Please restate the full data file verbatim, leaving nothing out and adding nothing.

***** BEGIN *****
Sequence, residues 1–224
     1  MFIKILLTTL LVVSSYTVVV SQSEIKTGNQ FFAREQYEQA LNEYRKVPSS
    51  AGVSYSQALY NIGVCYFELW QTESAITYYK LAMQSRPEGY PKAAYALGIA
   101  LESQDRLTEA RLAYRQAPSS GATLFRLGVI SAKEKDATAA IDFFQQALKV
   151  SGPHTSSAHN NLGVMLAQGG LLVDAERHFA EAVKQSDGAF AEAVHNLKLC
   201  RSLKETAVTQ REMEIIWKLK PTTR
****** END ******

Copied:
Sequence, residues 1–224
     1  MFIKILLTTL LVVSSYTVVV SQSEIKTGNQ FFAREQYEQA LNEYRKVPSS
    51  AGVSYSQALY NIGVCYFELW QTESAITYYK LAMQSRPEGY PKAAYALGIA
   101  LESQDRLTEA RLAYRQAPSS GATLFRLGVI SAKEKDATAA IDFFQQALKV
   151  SGPHTSSAHN NLGVMLAQGG LLVDAERHFA EAVKQSDGAF AEAVHNLKLC
   201  RSLKETAVTQ REMEIIWKLK PTTR